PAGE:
The Vaccaei were an ancient tribe who settled in the Meseta Central of northern Hispania. According to Diodorus Siculus, they were the most cultured group of the Celtiberians, and Silius Italicus classed them as merchants and businessmen. Their existence is proved at least from the third century BC. Polybius relates, although he wasn't an eyewitness, the capture of the Vaccean cities of Helmantica (Salamanca) and Arbucala (Zamora) by Hannibal in 220 BC.

When the Vaccaei are considered a part of the Celtiberian people group, though the Vaccean civilization was the result of the a process of local evolution, importing elements from other cultures, whether by new additions of people or contacts with neighboring groups. Other more recent theories have suggested that the Vaccaei are a Celtic people, who arrived in successive waves in the area along with similar groups, becoming the first permanent inhabitants.

In the study of their settlements one finds elements of the Vaccean culture on top of the remains of earlier cultures. For example, at Pincia (modern-day Padilla de Duero (Valladolid)), there is evidence of a population from Eneolithic times until the Iron Age, when the Vaccean period arose.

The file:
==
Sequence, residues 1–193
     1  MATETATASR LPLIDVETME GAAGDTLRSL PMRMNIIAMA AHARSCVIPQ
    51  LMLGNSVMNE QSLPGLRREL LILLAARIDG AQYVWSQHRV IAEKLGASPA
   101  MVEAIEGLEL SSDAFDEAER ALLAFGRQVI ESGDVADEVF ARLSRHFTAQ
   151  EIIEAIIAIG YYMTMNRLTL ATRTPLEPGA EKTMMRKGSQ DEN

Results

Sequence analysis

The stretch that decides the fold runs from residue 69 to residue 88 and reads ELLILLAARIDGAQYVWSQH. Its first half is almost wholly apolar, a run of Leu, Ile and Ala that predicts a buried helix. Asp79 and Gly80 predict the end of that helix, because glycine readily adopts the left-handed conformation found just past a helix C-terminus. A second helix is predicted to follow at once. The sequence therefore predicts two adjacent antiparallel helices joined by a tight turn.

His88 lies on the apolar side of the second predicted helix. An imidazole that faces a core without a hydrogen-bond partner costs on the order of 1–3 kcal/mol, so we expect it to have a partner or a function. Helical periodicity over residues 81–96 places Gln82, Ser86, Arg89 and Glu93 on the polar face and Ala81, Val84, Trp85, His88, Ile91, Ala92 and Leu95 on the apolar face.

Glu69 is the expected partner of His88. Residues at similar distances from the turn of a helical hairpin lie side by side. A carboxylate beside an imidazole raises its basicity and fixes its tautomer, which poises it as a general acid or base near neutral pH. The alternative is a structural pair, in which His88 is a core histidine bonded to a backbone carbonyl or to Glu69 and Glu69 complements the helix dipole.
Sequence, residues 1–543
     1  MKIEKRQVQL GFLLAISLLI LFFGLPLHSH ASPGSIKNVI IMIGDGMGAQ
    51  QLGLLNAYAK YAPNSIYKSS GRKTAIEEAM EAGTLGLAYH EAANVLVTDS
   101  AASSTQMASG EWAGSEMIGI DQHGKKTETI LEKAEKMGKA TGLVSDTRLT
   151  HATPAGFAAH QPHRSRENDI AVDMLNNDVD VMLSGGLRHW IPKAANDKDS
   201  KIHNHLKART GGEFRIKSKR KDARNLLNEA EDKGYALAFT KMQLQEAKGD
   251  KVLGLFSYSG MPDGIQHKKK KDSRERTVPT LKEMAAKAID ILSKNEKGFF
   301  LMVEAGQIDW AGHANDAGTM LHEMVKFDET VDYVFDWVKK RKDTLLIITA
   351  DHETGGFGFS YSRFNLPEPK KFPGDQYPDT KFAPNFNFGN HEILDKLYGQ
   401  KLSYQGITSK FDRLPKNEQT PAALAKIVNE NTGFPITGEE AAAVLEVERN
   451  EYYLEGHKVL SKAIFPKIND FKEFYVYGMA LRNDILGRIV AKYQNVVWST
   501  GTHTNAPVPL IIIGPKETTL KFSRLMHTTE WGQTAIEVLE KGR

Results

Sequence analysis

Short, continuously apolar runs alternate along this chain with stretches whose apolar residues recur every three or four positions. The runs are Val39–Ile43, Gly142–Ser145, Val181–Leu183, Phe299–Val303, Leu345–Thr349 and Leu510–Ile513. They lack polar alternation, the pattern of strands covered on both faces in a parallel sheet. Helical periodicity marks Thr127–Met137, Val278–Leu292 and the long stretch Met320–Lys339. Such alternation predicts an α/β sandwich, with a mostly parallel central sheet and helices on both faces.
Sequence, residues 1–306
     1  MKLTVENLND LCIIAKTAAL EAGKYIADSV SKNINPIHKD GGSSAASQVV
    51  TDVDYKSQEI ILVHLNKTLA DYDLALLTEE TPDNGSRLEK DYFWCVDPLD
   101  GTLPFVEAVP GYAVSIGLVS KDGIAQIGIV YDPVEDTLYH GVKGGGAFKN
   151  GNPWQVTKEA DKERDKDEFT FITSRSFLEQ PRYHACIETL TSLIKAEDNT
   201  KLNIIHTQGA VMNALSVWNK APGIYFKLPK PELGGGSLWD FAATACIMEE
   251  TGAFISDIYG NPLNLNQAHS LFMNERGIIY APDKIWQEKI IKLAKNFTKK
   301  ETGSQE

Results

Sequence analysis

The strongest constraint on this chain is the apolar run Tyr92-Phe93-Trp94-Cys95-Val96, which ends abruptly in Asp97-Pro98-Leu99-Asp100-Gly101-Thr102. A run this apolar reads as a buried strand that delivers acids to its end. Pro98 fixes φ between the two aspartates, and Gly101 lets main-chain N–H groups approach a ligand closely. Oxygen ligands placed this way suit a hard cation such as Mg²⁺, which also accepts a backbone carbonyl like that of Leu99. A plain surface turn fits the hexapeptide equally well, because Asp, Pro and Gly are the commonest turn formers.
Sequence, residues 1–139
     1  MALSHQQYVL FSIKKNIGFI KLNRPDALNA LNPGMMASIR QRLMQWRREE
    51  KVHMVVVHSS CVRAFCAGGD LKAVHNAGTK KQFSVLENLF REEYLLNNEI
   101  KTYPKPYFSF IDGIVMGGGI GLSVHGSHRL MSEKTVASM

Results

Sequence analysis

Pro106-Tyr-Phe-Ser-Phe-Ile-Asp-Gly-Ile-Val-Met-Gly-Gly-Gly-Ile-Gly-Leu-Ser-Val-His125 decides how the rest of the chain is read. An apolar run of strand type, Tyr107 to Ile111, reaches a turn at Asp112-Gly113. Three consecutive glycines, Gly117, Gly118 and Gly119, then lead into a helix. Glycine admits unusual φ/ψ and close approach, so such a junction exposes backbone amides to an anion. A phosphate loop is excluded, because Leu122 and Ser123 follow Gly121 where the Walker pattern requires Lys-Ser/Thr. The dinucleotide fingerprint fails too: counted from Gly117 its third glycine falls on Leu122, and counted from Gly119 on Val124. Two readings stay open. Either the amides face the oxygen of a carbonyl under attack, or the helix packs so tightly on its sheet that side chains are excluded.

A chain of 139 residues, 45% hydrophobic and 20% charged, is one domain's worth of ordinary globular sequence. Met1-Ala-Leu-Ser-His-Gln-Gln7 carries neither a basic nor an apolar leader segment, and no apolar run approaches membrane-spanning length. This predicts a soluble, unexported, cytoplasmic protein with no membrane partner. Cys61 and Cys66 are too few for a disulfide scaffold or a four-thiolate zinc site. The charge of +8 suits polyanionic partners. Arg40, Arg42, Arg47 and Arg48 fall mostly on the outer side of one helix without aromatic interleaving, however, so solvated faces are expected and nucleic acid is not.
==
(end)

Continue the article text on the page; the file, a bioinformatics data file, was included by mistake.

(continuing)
The Vaccean culture extended through the center of the Meseta Norte, along both banks of the Douro River. Although its frontiers are difficult to pin down and shifted from time to time, it can be said to have occupied all of the province of Valladolid, and parts of León, Palencia, Burgos, Segovia, Salamanca y Zamora. At the time of the arrival of the Romans, the Cea and Esla rivers separated the Vaccaei from the Astures in the northeast, while a line traced between the Esla and the Pisuerga rivers was the border with the Cantabri. To the east, the Pisuerga and Arlanza rivers marked the frontier with the Turmogi, and a little farther south, the Arevaci were their neighbors and allies. On the south and southeast lay the Vettones in an area that is difficult to pin down, but corresponds roughly to the distribution of verracos around the highlands of Ávila and Salamanca and Aliste (Zamora), between them and the Lusitanians. It is probable that there was contact with the Lusitanians to the west of Zamora.

In the Dark Ages, Vaccaei became a synonym for the Vascones.

See also


  • Collins, Roger (1992). "The Vaccaei, the Vaceti, and the rise of Vasconia." Studia Historica VI. Salamanca, 1988. Reprinted in Roger Collins, Law, Culture and Regionalism in Early Medieval Spain. Variorum. ISBN 0 86078 308 1.

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